PubMed for Handhelds offers Searching via PICO

    Thursday, May 12, 2005

    Auto Explode

    The term Auto Explode is used by Ovid. It means that the subject heading that you've selected will automatically explode - the system will automatically search the particular subject heading and any others that are more specific. Auto Explode is the default choice on the Mapping Display screen.

    PubMed automatically explodes the subject heading from the query line as part of the searching algorithm. The only way to NOT explode is to use the MeSH Database and select "Do Not Explode this term".

    Wednesday, May 11, 2005

    Explode and Focus in PubMed

    The MeSH Database is where you control Explode and Focus in PubMed.

    1. Select MeSH Database from PubMed Services on the blue scan column on the left.
    2. Type in your subject heading.
    3. On the next screen, click on the subject heading (not the check box)

    Below the definition or scope note of the subject heading, you'll see the list of subheadings that you can choose from. Further down you'll see:

    Check Restrict Search to Major Topic headings only to focus your search.

    PubMed automatically explodes the subject heading so check Do Not Explode this term to turn off the explode feature.

    Tuesday, May 10, 2005

    Explode and Focus in Ovid MEDLINE and CINAHL

    It is possible to both Explode and Focus a MeSH descriptor. And here's what you do:

    1. In the query box, type: multiple sclerosis
    2. Here's what you see on the Mapping Display screen:

    3. The subject heading and Auto Explode are automatically selected. If you want to focus the subject heading, then click in the Focus check box. If you are interested in all subheadings then click in the Include All Subheadings check box.

    Making these selections from the Mapping Display screen is very handy, especially when you know already that you want to explode and focus. If you decide not to check the Include All Subheadings box, then the next screen will be the Subheadings Display screen. At this point you can select specific subheadings for your search.

    If you have clicked on a subject heading because you want to see if there are more specific subject headings in the tree structure, then you'll need to check the Explode box. As soon as you are in the Tree Structure Display screen, Auto Explode is turned off.

    Monday, May 09, 2005

    NLM Mobile

    A new Web site, NLM Mobile, is now available. This site will maintain information about tools for handhelds being developed at NLM. Topics available:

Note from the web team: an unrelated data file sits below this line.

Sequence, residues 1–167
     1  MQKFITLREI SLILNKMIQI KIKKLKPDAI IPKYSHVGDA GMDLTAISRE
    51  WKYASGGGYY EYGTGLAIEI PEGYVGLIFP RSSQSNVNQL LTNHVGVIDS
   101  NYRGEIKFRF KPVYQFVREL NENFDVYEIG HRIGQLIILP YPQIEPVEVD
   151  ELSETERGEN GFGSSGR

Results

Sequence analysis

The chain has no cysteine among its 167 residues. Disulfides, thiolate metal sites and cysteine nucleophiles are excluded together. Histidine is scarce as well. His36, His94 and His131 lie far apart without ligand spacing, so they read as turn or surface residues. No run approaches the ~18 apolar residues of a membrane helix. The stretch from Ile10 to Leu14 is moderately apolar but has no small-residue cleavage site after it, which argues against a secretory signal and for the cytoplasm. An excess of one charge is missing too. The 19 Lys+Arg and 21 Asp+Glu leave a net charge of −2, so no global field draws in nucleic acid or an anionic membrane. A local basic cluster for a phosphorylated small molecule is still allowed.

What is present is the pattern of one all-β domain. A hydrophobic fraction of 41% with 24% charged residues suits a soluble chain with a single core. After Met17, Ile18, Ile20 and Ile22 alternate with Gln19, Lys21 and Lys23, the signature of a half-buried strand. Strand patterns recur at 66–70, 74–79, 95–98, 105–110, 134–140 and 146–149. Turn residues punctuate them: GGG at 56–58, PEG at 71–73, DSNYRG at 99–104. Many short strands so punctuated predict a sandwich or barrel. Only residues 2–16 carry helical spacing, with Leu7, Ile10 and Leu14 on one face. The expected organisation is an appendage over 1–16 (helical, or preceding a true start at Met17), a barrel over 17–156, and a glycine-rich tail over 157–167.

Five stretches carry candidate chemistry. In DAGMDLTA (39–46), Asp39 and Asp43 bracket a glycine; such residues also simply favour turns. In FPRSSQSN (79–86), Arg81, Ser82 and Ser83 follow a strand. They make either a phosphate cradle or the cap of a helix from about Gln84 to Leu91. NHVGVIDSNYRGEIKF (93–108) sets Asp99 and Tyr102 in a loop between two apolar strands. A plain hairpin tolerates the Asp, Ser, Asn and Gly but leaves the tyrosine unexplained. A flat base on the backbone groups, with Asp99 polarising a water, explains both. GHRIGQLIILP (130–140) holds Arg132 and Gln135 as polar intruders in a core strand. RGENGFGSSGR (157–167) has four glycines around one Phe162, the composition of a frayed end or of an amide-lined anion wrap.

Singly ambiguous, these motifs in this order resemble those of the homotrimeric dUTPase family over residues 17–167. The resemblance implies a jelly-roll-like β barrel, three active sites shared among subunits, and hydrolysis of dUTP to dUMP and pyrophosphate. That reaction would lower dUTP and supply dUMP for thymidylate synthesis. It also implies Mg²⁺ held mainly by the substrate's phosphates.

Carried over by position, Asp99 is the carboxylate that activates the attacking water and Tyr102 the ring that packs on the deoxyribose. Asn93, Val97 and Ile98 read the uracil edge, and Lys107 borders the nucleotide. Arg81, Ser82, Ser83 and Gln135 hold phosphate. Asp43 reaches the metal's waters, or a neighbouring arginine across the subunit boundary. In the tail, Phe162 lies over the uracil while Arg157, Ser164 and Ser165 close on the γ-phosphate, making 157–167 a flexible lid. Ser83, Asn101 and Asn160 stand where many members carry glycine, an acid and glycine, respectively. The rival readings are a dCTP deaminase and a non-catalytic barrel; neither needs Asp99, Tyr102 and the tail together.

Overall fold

• NCBI Bookshelf
    • PubMed® for Handhelds
    • PubMed on Tap
    • Wireless System for Emergency Responders (WISER)

    Friday, May 06, 2005

    PubMed Health Services Research Queries

    This new Health Services Research (HSR) queries page will be extremely helpful for searches on healthcare quality and costs. There are six queries (aka hedges or filters) for you to choose from:

    Process assessment
    Outcomes assessment
    Qualitative Research

    You can also select a broad, sensitive search or a narrow, specific search.

    As with the Clinical Queries page, you can type your search terms in a query box, select the query category and the scope, and then click on 'Go'. The results page is the PubMed results page and from that point on, you can use any of the features that you would normally use (limits, related articles, etc.).

    You really should give this a try!

    Definitions of the queries are included on the HSR queries page.

    Thursday, May 05, 2005

    Focus that subject heading

    To explain the use of Focus it's necessary to go back to those busy subject indexers who are reading and analyzing journal articles in order to assign the most specific descriptors available to describe the article's subject content.

    The subject indexers assign between six and fifteen descriptors; at the end of this process, they select up to four that signify the major points of that article. When you look at the MeSH field in a MEDLINE record, any descriptor marked with an asterisk indicates a major point. Focusing restricts a subject search to only those articles where that subject is one of the major points.

    Here are two scenarios where you can use Focus to your advantage:

    1. You're looking at diabetes mellitus and coronary artery disease. Beyond that you're not sure how you want to limit the search or what other concepts you might want to add - you're just sort of looking at what's out there. In this case, it's best to focus both diabetes mellitus and coronary artery disease and even then you'll probably have a rather large results set. But in the results set that you do get, you can be certain that your two topics will be the main thrust of the citations. Then, of course, you'd add your other limits (reviews, English, human, year range, etc.). This is a good way of scanning citations to get an idea of what's out there on your topic.
    2. You're doing a search on diabetes mellitus and articles about hip replacement appear in the results set. After looking at a few citations you realize that the main point of the these citations is hip replacement and diabetes seems to be a side issue. By Focusing diabetes mellitus, all of the citations where diabetes is NOT one of the main points will drop out. It's a way of choosing which aspect of your search question has a higher priority and the results set will reflect that. Also, you can always 'unfocus' if that strategy doesn't seem to work for your question.

    You can explode and focus at the same time.

    Wednesday, May 04, 2005

    Explode that subject heading

    While this sounds a tad violent, I assure you it's not. And to adequately describe what happens when you 'explode' the subject heading we need some illustrations.